Hopefully, we would help rather than compete with one another. We have the opportunity, in a strange way, to be made new by this awful trial. We might listen for God’s guidance and inspiration, open our eyes and our hearts to all that God has provided us: the brilliance of scientific minds, the tender skills and dedication of medical professionals, the human “infrastructure” of institutions founded and sustained to be sources of protection, care and hope for all of God’s children. God is at work through all of these wonders.
We remember that God was with those ancestors long ago, and God is with us today, too. Who knows what remarkable possibilities lie ahead of us, through the wilderness of our anxiety and our suffering?
A living hope that renews, restores and impels
And so, in the church, in our worship, we gather regularly and with deep care, with great attention to detail, to remember who God has been and who God is in our life together, and to remember who we are because of who God is, and what God continues to do.
Because this Exodus story is not just a story from long ago; the memory, and the worship, and the sense of God’s protection are living, vibrant, renewing and restoring, yet impelling us toward God’s future.
Why we tell the story again and again
Again, from Walter Brueggemann: when we tell this story and celebrate what God has done in the past, we “are indeed sojourners dreaming of a better land, filled with God’s abundance. The engaged memory of pain evokes hope for a transformed world. The children of this community cannot afford to be protected from either the pain or the hope” (Exodus, The New Interpreter’s Bible).
I wonder, then, when I look back on my childhood fears in hearing this story, how it might have been told more fully, in ways that included both the pain and the hope but also nurtured a deep trust in the goodness of God who is behind every story of redemption, mercy and grace.
The Reverend Kathryn M. Matthews retired in 2016 after serving as dean of Amistad Chapel at the national offices of the United Church of Christ in Cleveland, Ohio.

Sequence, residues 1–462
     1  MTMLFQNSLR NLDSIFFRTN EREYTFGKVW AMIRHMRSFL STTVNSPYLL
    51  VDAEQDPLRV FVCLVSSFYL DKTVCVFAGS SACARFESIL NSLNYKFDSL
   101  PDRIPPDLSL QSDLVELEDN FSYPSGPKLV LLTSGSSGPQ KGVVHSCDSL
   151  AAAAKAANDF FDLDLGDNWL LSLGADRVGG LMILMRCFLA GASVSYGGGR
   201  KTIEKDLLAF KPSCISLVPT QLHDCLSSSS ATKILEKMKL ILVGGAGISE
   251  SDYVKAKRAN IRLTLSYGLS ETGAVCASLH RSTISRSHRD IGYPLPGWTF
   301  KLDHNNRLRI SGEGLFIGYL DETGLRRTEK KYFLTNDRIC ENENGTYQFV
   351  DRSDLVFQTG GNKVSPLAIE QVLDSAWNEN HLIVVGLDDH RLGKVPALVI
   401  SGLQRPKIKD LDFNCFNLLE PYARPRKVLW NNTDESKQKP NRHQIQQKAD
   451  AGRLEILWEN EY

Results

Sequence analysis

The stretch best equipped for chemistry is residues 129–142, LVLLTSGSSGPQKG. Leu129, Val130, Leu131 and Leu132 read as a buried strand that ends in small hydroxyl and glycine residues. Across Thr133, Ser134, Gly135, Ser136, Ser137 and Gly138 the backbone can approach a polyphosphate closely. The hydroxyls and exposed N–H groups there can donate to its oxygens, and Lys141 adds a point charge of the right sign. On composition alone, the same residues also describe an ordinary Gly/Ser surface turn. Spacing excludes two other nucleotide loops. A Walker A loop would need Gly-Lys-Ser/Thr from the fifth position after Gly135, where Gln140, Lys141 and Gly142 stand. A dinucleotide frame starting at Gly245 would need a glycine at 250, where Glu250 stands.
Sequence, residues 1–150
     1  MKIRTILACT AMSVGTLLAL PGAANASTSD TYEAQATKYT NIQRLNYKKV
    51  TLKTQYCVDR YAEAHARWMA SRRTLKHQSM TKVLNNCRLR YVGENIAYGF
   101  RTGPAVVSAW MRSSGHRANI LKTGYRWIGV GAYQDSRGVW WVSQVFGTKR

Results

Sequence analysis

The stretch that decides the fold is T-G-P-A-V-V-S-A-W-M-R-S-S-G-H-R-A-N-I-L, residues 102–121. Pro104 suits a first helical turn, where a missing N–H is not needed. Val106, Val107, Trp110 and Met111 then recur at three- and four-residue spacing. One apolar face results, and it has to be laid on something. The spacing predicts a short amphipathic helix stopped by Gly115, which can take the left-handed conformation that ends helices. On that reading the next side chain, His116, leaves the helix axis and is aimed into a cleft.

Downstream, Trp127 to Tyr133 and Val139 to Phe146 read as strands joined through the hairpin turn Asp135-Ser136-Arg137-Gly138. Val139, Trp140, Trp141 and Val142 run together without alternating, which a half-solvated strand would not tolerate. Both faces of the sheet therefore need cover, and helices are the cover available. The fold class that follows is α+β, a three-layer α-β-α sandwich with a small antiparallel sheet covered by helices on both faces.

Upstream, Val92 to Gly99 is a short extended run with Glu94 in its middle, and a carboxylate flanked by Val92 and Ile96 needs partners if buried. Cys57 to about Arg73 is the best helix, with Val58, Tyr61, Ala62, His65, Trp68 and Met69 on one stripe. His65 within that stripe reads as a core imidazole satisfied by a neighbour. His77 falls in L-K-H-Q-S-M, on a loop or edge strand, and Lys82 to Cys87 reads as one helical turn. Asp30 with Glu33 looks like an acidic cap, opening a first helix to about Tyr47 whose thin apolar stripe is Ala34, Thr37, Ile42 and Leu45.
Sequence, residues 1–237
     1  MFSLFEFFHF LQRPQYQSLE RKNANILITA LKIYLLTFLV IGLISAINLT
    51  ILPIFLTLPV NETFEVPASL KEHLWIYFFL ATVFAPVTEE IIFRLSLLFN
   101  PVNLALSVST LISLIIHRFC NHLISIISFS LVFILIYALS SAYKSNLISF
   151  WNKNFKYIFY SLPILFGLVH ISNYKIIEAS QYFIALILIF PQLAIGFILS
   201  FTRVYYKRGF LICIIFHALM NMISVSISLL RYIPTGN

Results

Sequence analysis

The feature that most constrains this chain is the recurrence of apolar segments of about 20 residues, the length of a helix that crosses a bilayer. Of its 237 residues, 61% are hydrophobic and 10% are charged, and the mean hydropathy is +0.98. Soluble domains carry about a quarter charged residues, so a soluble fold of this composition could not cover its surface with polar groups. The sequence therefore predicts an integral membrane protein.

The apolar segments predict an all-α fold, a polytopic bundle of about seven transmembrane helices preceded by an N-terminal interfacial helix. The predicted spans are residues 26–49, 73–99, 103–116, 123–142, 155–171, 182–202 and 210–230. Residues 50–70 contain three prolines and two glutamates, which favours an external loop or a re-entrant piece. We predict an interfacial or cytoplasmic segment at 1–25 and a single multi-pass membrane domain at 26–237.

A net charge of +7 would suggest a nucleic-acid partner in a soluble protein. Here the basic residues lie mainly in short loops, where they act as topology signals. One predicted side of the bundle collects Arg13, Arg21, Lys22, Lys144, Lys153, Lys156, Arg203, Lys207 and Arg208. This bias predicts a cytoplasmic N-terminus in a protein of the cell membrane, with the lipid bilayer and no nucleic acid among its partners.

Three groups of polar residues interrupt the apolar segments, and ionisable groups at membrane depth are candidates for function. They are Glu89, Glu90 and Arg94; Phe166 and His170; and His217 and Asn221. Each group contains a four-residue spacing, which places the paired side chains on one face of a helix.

You’re invited to share your reflections on this text in the comments below the post on our Facebook page.
A Bible study version of this reflection is at Weekly Seeds.
For further reflection:
Annie Dillard, Teaching a Stone to Talk: Expeditions and Encounters, 20th century
“I would like to learn, or remember, how to live.”
Anita Diamant, The Red Tent, 20th century
“It is terrible how much has been forgotten, which is why, I suppose, remembering seems a holy thing.”
Frederick Buechner, 21st century
“You can’t be too careful what you tell a child because you never know what he’ll take hold of and spend the rest of his life remembering you by.”
“The time is ripe for looking back over the day, the week, the year, and trying to figure out where we have come from and where we are going to, for sifting through the things we have done and the things we have left undone for a clue to who we are and who, for better or worse, we are becoming.”
Morris Joseph, 20th century
“Passover affirms the great truth that liberty is the inalienable right of every human being.”
“These three are the marks of a Jew–a tender heart, self-respect, and charity.”
Marcus J. Borg, The God We Never Knew: Beyond Dogmatic Religion to a More Authentic Contemporary Faith, 20th century
“God wills our liberation, our exodus from Egypt. God wills our reconciliation, our return from exile. God wills our enlightenment, our seeing. God wills our forgiveness, our release from sin and guilt. God wills that we see ourselves as God’s beloved. God wills our resurrection, our passage from death to life. God wills for us food and drink that satisfy our hunger and thirst. God wills, comprehensively, our well-being–not just my well-being as an individual but the well-being of all of us and of the whole of creation. In short, God wills our salvation, our healing, here on earth. The Christian life is about participating in the salvation of God.”